We used event-related functional magnetic resonance imaging (fMRI) to measure prefrontal cortex (PFC) activity while younger and older adults performed an item-recognition task in which the memory-set size varied between 1 and 8 letters. Each trial was composed of a 4-sec encoding period in which subjects viewed random letter strings, a 12-sec retention period and a 2-sec retrieval period in which subjects decided whether a single probe letter was or was not part of the memory set. For both groups, reaction-time (RT) increased and accuracy decreased with increasing memory set-size. Analyses of individual subjects' performance and cortical activity indicated that speed and accuracy accounted for variance in different task periods in dorsal and ventral PFC. Age-related differences in accuracy-activation relations were observed in dorsal PFC during encoding and ventral PFC during maintenance. Age-related differences in RT-activation relations were observed in dorsal PFC during retrieval. These results and additional fMRI data we have collected during performance of a speeded processing task, directly support a model of cognitive slowing in which processing rate is related to neural efficiency.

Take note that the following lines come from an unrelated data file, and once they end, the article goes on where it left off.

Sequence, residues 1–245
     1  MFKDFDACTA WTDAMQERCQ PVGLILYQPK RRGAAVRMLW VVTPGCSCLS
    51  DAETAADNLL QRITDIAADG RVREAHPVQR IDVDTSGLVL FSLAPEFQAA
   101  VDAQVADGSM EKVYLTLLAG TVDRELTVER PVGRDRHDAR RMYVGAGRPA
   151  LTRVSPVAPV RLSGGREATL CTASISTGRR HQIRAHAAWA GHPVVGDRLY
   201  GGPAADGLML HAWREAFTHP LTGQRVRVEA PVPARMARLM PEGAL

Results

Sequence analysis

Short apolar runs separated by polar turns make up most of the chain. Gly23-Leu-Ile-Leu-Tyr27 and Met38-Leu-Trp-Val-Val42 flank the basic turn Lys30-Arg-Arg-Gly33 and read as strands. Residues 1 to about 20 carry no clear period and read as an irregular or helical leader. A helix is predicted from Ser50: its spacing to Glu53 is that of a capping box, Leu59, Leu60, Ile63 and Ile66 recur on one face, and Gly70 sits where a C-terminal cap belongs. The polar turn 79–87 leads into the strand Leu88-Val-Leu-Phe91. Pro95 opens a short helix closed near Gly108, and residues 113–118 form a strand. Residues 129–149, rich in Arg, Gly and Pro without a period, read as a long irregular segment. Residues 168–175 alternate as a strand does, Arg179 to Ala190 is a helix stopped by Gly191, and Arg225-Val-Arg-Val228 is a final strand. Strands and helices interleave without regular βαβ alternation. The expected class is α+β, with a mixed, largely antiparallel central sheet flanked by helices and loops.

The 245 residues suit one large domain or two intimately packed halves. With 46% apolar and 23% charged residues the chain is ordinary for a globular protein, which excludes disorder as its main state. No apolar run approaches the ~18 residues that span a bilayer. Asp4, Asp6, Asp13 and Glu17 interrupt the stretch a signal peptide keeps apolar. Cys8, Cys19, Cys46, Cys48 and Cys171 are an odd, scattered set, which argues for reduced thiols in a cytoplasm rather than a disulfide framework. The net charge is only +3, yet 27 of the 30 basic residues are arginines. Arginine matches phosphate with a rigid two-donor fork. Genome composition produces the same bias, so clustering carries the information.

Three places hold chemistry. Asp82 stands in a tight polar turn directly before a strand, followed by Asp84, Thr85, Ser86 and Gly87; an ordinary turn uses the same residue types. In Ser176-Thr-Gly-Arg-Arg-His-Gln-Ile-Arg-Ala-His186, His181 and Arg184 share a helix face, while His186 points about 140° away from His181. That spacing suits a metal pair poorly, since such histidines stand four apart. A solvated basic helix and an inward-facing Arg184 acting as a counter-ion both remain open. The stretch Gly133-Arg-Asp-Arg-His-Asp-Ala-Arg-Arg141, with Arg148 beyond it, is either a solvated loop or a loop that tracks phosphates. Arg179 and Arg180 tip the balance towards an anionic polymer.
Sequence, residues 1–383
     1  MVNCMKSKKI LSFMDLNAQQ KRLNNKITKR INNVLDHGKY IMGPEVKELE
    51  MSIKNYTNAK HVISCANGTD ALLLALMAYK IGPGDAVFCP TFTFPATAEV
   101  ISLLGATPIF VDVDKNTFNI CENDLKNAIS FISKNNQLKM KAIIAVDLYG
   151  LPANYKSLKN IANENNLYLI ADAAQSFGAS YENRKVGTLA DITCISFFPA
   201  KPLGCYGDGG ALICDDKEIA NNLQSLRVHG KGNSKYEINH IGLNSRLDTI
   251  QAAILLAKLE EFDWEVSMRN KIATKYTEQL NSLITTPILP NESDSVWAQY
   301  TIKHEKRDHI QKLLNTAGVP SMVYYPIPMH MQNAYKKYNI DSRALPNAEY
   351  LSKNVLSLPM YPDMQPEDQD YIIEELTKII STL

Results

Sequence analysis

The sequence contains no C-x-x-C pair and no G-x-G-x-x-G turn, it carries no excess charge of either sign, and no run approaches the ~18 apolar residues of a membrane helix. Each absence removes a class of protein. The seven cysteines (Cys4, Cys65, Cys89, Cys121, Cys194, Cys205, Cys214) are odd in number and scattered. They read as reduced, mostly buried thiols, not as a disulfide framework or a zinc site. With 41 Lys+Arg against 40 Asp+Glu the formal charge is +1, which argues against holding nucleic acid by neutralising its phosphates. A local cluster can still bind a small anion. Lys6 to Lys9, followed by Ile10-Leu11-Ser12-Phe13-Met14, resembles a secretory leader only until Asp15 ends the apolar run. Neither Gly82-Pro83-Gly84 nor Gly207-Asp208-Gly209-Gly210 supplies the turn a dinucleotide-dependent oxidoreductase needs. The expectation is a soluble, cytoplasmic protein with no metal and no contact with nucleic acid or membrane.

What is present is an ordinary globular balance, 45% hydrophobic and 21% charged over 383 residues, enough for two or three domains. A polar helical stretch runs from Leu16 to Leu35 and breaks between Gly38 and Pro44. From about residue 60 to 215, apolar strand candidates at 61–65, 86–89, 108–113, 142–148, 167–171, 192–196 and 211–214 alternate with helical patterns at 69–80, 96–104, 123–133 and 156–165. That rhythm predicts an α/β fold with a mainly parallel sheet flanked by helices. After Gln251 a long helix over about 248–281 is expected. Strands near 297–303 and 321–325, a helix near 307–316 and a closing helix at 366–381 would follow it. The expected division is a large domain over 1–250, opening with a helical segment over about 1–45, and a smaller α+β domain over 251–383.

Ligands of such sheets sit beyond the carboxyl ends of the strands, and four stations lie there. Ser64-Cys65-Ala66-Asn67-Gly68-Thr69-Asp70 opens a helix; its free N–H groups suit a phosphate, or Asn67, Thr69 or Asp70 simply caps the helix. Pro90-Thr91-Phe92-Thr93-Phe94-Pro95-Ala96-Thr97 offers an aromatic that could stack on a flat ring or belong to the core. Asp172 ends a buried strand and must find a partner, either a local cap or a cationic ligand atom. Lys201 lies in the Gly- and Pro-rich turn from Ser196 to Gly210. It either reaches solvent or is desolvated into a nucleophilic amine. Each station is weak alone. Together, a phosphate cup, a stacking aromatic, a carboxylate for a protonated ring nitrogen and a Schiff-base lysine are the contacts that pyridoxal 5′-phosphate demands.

- Individual differences
- Prefrontal cortex
- Working memory
ASJC Scopus subject areas
- Neuropsychology and Physiological Psychology
- Experimental and Cognitive Psychology
- Cognitive Neuroscience